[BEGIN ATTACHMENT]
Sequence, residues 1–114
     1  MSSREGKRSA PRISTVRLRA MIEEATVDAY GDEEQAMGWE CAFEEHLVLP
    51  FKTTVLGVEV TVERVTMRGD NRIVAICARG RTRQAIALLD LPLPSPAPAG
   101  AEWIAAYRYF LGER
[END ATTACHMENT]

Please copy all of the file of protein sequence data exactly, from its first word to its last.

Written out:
Sequence, residues 1–114
     1  MSSREGKRSA PRISTVRLRA MIEEATVDAY GDEEQAMGWE CAFEEHLVLP
    51  FKTTVLGVEV TVERVTMRGD NRIVAICARG RTRQAIALLD LPLPSPAPAG
   101  AEWIAAYRYF LGER